Disaster management

A world where all children are safe from disaster


Children’s lives can change in an instant in the wake of war, disasters and humanitarian emergencies. We see how vulnerable they are and how much they need our protection. 

Today, there are more than double the number of emergencies than there were ten years ago. The numbers can seem overwhelming: a total of 299.4 million people worldwide are in need of humanitarian assistance just to survive, and over half of them are children. This is up from 235 million people in 2021 and 168 million in 2020.

The nature of emergencies is also changing. Conflict is more vicious, complex and unpredictable. Climate change is unleashing natural disasters faster, for longer and with longer-lasting consequences for children and their families. 

The number of people facing acute hunger - 'crisis' levels or worse - has doubled since 2021. In the most extreme of those cases - an estimated 35 million people in 39 countries were at risk of famine, up from 27 million in 2019. 

The needs are greater, the gap in available funding is growing, and the calls to respond have never been greater. 

There is hope. With the support of our partners across the world, we are in a better position to respond to the pressing and ever-changing needs of children. For more than 70 years, we have been responding, adapting, learning, and reaching millions of children affected by emergencies every year.

30 Million
helped through emergency responses in 2022

Our Approaches

Family receives cash support in Bangladesh

Cash voucher programming

Through cash voucher programming, we maximise financial and digital inclusion, economic resilience and child-sensitive social protection in conflict, climate and cost-of-living crises.

Child protection in emergencies. Girl looking

Child Protection

We design and deliver our efforts so as children can have a safe place to be & play, be reunited with their families, eat and have shelter, meet friends and go to school and understand what their rights are and ways to speak out for themselves to governments, donors and decision makers who can change the course of their destiny.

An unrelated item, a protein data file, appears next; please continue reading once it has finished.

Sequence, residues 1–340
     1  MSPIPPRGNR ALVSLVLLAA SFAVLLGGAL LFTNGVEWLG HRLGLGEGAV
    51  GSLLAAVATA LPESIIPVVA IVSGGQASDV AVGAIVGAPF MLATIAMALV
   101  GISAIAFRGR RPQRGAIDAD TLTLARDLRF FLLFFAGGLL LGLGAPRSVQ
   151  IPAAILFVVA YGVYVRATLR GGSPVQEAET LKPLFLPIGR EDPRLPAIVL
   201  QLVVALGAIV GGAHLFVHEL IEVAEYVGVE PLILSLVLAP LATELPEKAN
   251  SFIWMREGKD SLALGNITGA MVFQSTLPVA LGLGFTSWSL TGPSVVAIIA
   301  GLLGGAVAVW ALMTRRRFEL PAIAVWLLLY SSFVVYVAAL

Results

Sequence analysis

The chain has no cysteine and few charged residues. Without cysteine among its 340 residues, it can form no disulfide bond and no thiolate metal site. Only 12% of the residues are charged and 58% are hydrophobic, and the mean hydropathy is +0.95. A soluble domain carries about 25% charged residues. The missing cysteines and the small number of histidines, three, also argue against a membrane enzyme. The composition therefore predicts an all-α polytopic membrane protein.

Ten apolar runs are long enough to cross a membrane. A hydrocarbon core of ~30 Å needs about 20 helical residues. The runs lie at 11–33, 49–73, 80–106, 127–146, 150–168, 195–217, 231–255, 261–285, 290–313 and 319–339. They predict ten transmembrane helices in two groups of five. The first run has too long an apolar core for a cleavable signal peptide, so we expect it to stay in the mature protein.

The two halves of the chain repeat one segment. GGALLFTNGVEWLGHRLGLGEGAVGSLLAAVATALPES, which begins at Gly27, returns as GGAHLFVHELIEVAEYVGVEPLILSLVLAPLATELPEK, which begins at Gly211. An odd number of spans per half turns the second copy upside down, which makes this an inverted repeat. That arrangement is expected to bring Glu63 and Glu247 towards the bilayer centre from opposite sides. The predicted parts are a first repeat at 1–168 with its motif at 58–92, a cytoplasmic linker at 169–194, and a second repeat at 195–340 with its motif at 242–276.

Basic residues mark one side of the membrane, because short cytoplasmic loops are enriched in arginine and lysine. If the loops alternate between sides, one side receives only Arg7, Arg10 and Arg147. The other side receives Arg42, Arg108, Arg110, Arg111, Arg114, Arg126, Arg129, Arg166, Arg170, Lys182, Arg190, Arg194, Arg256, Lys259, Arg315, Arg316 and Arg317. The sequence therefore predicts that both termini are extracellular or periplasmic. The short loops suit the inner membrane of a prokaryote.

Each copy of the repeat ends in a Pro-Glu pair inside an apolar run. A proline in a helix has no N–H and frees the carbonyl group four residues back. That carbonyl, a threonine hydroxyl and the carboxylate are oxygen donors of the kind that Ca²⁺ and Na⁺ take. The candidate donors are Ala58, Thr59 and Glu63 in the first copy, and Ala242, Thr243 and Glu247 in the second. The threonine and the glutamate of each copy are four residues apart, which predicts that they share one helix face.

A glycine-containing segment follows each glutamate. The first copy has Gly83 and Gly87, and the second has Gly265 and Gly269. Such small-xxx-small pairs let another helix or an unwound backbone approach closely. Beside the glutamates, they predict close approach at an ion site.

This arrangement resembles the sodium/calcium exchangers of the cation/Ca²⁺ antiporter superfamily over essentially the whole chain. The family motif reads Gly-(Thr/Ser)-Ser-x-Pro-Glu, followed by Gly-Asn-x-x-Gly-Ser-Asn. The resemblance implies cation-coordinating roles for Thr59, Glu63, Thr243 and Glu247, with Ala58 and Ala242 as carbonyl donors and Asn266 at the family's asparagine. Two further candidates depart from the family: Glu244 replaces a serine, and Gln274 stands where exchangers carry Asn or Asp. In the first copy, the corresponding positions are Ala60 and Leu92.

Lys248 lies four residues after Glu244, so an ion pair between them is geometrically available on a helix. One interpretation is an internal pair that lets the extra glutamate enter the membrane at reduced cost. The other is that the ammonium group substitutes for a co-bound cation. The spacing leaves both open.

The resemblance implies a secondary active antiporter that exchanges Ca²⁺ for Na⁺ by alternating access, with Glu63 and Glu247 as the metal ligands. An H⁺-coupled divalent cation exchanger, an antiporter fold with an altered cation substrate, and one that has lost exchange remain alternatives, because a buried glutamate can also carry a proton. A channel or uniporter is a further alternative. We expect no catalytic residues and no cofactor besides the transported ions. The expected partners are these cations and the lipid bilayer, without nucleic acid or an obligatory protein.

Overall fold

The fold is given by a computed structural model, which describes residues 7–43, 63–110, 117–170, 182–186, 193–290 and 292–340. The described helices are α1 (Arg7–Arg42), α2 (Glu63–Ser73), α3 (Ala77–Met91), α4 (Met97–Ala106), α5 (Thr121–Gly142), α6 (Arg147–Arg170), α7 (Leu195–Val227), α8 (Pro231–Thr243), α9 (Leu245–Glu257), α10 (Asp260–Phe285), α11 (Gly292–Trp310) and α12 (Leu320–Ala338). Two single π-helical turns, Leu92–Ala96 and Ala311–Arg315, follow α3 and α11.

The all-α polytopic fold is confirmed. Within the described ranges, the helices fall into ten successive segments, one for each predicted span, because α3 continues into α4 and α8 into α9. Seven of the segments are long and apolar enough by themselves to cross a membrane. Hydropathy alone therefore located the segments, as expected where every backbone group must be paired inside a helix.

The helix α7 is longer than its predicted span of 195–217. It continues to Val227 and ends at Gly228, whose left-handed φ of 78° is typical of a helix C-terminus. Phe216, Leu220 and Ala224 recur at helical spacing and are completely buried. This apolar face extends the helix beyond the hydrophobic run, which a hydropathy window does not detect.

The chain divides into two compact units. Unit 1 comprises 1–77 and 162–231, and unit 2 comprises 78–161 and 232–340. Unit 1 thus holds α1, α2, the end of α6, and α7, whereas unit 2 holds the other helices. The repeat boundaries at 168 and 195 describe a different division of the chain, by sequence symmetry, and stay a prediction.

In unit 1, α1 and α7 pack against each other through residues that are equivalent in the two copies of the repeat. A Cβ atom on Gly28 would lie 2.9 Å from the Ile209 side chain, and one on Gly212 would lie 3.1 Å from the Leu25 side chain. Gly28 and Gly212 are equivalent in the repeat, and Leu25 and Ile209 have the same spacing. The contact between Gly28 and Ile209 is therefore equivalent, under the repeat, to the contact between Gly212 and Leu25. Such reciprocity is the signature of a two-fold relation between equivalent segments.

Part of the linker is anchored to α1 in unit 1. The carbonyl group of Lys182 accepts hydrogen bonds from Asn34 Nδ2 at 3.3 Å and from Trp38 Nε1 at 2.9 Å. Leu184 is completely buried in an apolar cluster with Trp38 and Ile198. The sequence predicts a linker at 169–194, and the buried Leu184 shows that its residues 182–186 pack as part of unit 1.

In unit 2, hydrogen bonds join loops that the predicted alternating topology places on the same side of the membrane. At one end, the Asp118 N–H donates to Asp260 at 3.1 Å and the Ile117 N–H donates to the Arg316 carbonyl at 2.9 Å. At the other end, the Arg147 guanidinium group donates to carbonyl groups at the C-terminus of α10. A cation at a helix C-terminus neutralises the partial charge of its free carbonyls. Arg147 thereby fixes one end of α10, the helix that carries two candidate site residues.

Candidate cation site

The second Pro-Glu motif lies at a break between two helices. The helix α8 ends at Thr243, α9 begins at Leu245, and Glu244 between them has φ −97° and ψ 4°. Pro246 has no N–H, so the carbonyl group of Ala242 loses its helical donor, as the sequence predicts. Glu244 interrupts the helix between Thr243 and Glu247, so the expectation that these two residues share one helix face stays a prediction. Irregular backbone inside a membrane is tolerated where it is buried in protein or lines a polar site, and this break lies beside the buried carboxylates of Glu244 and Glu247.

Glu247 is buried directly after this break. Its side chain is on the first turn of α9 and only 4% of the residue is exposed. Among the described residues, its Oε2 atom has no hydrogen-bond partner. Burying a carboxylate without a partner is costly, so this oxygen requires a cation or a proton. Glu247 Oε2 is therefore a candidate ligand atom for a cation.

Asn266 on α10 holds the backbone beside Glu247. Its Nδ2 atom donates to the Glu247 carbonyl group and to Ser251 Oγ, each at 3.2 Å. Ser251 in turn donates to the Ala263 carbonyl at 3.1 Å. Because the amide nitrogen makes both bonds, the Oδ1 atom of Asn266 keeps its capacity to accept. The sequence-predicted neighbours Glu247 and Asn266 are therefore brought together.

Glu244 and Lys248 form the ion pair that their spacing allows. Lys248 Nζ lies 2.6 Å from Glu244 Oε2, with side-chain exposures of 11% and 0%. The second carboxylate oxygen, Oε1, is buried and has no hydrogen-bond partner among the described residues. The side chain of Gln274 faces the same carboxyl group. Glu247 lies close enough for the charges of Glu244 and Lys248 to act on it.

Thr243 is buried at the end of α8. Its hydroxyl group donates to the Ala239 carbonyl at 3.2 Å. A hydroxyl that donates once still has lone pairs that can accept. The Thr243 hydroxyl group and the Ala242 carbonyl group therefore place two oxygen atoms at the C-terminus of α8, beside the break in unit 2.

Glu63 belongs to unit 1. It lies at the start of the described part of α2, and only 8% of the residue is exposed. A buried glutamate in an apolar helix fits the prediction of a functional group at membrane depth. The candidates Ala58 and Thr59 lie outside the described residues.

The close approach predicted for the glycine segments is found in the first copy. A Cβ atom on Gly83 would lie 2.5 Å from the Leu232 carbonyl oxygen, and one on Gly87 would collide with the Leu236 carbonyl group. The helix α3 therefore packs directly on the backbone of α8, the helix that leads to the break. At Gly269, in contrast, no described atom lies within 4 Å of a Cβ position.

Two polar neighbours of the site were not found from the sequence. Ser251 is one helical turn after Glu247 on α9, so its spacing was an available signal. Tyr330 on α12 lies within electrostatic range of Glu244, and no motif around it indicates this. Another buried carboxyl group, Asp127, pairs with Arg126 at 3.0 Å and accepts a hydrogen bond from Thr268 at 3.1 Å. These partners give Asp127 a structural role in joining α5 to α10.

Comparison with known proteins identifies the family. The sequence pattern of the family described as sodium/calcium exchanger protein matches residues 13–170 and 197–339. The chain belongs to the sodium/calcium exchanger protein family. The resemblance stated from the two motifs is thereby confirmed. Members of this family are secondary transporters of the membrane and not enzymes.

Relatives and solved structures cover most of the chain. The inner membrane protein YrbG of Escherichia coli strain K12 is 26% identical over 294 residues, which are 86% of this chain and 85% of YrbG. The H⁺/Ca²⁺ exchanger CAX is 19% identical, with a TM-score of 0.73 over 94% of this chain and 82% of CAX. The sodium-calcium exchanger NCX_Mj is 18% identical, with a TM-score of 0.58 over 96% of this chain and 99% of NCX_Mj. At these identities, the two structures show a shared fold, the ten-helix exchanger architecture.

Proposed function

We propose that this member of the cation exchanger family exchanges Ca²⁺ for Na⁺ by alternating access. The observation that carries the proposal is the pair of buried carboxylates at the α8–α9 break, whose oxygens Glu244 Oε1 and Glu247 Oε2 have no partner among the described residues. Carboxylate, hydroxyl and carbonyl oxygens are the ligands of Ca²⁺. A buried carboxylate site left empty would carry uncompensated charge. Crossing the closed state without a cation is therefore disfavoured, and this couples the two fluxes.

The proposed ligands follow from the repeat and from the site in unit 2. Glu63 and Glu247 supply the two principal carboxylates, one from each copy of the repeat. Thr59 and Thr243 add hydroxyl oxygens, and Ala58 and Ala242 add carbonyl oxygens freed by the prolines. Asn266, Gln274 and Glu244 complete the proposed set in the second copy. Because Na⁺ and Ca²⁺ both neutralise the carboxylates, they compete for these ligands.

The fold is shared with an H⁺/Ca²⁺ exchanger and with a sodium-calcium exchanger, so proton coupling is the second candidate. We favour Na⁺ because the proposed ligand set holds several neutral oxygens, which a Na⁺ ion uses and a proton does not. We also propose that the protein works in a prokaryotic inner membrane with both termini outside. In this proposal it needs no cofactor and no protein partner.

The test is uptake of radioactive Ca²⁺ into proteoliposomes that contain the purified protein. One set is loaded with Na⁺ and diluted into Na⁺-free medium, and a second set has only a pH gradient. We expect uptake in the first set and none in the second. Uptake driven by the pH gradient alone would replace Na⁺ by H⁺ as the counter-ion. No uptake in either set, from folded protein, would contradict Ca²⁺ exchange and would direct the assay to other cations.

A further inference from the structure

Education in Emergencies. A child sits at a desk doing learning activities

Education in Emergencies

When crisis strikes, education seems to not be the top priority for political leaders.

We work with partners in the education sector and beyond to support children through holistic, collective, and intersectoral approaches with a long-term view. 

Faith leaders in emergencies

Faith in Emergencies

We partner with faith communities to come alongside humanitarian actors. Through this relationships with communities are strengthened, assistance programs are better aligned with community needs, and grassroots support for longer term impact is enhanced.

Malnourished child eats ready to eat therapeutic food

Food securities in emergencies

Whenever there is any crisis, hunger goes hand in hand. 

We believe  every child and family have the right to enough nutritious food each day to live a healthy life.  To ensure children and families do not have to go to bed hungry, World Vision provides life-saving food and cash assistance to communities, schools and vulnerable groups.  

Child with food in their hands part of World Vision's emergency health and nutrition programmes

Health and Nutrition in Emergencies

Humanitarian crises have a significant impact on the health and well-being of affected populations, and the primary goal of any response is to reduce and prevent morbidity and mortality.   Crisis may erode social support systems which may result in negative coping mechanisms, reduction in help seeking behaviours, increase in incidence of protection and Gender Based Violence and the subsequent health impacts.  

We work to ensure access to lifesaving health care is crucial in any humanitarian crisis and includes health promotion, prevention, treatment, and rehabilitation. 

Children in Afghanistan collect water from water spouts

Water, sanitation and hygiene in emergencies

No country is immune to disaster, both man-made and natural.  Interruptions in water, sanitation and hygiene (WASH) systems and services can lead to outbreaks of diseases like diarrhoea and cholera that disproportionately impact children. 

In the early days of an emergency, we focus on providing immediate, life-saving WASH services in order to ensure survival of the most affected and most vulnerable children, families and communities. In the months following an emergency, we add programme activities that help communities recover and build back stronger than they were before. 

World Vision’s priority is to serve the most vulnerable by implementing programs to meaningfully impact their well-being.